I decided to try starting a few tomato plants from seed for the first time,
but I'm having trouble. I'm using large peat pots and I'm filling them with
jiffy seed starting mix. How do you get this stuff wet? It repels water
rather than soaking it in. Is there a secret to getting this starting mix
Peat, when dry, takes time to absorb water
Set the containers in another container of water and it will slowly
absorb and wick up the water, likely more than needed. Set them out
and let them drain.
Another solution is to wet your starting mix in a container and work
the moisture in, by mixing and adding water. Takes a while. Let it
sit for a day or so to equalize.
After it has taken up moisture, be sure not to let it dry out again.
Hot, near-boiling, water.
You may have better luck with plastic seedling containers... peat pots tend to
wick moisture away from seedings, and seedlings transplanted outdoors with the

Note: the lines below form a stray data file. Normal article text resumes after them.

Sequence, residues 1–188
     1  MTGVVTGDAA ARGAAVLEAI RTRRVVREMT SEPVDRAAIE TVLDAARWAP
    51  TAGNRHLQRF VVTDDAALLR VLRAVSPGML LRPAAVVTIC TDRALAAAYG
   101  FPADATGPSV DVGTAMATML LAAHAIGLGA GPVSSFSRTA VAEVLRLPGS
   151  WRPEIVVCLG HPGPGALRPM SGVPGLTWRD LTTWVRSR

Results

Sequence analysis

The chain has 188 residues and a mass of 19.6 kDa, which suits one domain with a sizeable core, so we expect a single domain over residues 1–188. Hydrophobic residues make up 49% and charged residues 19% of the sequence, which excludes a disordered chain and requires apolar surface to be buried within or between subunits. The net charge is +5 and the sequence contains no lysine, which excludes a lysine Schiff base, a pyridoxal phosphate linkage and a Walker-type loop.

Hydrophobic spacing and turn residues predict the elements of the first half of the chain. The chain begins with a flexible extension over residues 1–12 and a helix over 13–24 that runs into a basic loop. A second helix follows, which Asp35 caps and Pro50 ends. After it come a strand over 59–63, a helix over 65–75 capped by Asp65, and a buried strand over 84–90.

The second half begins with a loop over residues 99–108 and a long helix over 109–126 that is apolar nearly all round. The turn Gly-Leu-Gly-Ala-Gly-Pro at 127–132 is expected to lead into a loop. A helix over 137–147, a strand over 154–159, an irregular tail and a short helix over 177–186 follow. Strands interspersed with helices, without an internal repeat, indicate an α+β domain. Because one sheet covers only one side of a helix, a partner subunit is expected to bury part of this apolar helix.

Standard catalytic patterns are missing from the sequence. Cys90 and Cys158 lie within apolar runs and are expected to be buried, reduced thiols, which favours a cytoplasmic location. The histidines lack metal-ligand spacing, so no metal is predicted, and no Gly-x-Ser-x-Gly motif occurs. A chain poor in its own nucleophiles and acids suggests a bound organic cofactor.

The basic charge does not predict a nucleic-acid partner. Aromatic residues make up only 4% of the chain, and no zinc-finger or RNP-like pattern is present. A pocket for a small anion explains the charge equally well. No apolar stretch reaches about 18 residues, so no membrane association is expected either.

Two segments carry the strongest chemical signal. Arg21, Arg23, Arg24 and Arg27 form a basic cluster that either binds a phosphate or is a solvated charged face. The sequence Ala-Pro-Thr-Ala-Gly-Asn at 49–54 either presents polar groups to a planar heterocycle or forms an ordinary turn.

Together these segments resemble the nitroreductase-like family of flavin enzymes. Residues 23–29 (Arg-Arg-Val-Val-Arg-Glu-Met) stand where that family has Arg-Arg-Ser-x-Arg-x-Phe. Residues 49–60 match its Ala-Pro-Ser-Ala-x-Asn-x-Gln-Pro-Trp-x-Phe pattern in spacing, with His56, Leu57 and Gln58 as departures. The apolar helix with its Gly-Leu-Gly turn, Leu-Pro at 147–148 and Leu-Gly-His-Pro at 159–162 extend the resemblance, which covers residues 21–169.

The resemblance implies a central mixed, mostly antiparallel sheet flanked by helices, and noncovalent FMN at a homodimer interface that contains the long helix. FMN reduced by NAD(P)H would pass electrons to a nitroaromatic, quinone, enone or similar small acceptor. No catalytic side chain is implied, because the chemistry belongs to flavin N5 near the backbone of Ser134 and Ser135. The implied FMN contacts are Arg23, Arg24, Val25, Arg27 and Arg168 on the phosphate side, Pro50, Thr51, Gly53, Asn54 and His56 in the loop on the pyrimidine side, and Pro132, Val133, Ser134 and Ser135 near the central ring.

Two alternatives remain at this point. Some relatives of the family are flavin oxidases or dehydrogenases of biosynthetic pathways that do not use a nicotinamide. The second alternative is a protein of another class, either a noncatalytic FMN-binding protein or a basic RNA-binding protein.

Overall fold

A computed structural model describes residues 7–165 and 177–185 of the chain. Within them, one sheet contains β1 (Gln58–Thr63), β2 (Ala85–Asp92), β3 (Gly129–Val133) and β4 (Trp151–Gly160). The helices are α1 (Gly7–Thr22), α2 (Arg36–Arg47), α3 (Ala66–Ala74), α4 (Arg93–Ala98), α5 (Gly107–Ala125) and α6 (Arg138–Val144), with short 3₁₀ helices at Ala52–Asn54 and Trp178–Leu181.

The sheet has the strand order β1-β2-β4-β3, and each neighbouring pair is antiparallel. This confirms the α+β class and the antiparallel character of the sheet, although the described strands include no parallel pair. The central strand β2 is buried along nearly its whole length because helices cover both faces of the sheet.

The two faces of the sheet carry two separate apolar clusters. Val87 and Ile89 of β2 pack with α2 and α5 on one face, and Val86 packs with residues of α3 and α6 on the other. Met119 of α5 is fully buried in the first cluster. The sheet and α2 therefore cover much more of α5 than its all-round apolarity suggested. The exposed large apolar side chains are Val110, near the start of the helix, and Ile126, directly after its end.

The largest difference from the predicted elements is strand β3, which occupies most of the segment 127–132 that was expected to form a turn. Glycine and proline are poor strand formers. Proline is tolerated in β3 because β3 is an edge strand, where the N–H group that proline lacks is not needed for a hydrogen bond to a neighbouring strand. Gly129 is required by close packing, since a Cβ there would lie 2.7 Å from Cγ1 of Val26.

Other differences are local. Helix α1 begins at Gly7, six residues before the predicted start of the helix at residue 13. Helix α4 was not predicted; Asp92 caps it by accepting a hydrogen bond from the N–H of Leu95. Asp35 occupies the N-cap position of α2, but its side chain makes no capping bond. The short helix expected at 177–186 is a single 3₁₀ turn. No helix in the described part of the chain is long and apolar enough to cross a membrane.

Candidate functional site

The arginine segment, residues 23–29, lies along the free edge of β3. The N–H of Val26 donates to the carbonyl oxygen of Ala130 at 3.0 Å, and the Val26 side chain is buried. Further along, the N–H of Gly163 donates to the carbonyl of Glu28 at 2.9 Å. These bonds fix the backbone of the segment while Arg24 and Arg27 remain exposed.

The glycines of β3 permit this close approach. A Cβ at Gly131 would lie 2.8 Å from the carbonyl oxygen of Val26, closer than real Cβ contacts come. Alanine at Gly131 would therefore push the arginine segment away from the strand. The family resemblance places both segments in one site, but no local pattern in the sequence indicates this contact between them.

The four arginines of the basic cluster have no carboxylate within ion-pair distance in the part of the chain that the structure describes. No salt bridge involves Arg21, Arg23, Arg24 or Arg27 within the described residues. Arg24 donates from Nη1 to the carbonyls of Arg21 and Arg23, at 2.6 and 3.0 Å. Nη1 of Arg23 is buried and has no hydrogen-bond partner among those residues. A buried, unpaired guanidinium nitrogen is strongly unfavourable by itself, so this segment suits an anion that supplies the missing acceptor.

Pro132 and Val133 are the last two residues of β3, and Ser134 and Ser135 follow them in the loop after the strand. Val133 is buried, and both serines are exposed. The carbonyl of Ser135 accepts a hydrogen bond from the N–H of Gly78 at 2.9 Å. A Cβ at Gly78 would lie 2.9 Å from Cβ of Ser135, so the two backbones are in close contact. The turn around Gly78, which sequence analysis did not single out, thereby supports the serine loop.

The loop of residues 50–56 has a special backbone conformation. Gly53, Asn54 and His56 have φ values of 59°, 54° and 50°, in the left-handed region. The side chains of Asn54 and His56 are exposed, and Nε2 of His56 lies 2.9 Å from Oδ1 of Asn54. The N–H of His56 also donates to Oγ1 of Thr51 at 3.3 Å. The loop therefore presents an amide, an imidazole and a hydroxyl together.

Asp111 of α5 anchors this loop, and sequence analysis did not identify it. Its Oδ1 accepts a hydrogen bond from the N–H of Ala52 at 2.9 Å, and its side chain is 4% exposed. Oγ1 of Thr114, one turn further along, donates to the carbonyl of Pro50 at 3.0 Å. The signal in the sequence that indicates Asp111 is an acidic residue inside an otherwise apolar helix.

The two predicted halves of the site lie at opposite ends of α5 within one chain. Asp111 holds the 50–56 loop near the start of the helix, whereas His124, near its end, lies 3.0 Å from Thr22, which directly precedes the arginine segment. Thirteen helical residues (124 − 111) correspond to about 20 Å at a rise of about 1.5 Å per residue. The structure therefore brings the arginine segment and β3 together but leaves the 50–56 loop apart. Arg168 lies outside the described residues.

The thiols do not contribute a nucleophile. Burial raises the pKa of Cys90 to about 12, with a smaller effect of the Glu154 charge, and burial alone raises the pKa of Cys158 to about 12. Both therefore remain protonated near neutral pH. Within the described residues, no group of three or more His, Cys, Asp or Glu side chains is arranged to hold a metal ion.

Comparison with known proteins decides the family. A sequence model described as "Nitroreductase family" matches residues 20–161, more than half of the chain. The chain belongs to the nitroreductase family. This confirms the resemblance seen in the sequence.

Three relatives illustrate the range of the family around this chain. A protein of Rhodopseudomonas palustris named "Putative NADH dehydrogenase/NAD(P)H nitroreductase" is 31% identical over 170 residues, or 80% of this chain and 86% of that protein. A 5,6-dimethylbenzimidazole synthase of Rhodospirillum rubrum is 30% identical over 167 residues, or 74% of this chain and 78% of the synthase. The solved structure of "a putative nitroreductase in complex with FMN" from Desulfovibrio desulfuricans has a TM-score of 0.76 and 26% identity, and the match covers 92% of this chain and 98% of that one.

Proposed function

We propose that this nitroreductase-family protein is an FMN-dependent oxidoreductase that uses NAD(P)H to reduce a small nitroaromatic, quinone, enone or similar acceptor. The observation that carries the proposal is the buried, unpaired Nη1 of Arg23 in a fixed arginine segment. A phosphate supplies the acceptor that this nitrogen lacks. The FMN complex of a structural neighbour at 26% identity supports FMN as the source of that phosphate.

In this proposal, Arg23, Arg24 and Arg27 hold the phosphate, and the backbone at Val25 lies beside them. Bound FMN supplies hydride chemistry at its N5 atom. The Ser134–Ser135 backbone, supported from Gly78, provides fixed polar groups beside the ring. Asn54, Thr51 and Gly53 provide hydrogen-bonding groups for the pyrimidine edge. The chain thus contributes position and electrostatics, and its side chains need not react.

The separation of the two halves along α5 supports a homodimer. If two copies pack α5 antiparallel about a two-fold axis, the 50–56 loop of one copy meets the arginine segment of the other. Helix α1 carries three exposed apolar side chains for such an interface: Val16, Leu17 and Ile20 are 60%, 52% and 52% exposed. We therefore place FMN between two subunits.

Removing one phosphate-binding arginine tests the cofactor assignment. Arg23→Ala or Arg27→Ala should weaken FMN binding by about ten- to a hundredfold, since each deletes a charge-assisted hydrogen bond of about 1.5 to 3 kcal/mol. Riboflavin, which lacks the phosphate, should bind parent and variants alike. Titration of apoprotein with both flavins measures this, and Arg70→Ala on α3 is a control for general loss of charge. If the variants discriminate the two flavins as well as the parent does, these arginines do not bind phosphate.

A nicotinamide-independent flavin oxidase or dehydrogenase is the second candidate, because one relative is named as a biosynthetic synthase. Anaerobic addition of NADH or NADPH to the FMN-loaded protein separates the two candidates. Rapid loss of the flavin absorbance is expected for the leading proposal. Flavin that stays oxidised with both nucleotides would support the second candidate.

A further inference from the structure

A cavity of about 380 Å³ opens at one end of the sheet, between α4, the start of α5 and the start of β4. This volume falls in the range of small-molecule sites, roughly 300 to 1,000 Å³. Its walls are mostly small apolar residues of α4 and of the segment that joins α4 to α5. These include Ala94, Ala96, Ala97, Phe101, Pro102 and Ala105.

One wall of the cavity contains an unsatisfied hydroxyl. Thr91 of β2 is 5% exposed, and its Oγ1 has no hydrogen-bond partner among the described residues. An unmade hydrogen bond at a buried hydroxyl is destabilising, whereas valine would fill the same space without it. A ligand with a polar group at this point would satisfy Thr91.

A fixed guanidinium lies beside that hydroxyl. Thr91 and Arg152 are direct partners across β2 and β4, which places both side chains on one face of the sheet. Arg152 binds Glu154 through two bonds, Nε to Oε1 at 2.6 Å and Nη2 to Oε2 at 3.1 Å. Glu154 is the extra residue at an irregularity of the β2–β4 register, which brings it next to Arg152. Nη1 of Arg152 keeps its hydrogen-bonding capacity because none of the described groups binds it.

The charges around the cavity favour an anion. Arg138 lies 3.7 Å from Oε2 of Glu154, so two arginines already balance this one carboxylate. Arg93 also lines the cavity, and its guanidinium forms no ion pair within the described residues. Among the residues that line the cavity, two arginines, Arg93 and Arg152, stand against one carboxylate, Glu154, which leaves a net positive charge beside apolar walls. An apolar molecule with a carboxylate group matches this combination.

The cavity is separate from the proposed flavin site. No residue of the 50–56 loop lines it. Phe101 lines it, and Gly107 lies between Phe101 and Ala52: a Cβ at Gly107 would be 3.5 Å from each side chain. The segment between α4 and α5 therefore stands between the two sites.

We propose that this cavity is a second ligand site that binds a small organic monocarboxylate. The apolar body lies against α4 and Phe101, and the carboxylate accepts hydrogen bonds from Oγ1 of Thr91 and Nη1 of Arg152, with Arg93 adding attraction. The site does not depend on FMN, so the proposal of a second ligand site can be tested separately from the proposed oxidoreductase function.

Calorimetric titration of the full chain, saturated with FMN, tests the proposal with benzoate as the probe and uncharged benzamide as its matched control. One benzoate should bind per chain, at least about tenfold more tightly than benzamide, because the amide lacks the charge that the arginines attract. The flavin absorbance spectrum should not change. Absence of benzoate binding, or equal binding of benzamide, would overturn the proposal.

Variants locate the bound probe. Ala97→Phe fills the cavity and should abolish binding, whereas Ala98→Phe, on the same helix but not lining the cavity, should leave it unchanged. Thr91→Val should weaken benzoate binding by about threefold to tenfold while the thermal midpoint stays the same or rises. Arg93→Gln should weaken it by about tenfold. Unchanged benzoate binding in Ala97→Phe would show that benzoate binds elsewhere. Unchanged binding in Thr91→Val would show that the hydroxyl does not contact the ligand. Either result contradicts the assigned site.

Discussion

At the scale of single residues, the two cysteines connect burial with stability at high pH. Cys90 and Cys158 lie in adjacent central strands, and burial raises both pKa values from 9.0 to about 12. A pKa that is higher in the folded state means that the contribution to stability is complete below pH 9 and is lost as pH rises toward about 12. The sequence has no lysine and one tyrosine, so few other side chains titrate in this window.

peat pot still on tend to be stunted compared to plants transplanted from a
plastic or clay pot.
This is good advice for those buying/starting plants in peat pots.
Simply tearing off the bottoms, like some commercials show, or cutting
the sides is not best. One should always remove all the peat pot,
after thoroughly soaking, even if roots are coming thru. They tend to
become root bound even if in peat.
Thanks for pointing this out to folks. Kay.
I'd rather use the peat pots, but they're not the problem, it's the seed
starting mix, but thanks to all the great responses, I've got it wet and the
seeds are planted. You're absolutely right about leaving the peat pot
on......I've learned from experience to always tear the peat pot completely
off of any plant I buy that is in a peat pot. I've had plants that I bought
in peat pots in the past that didn't thrive even though they looked great
when I set them out. My investigation determined that the peat didn't break
down and the roots got pot bound after planting, even though I tore the
Instead of a commercial mix, make your own. See my
Plastic pots (which I generally refuse to use) are best for starting
seeds or rooting cuttings. That's because they don't need frequent
watering and because you can easily remove the plants from them.
David E. Ross
Climate: California Mediterranean
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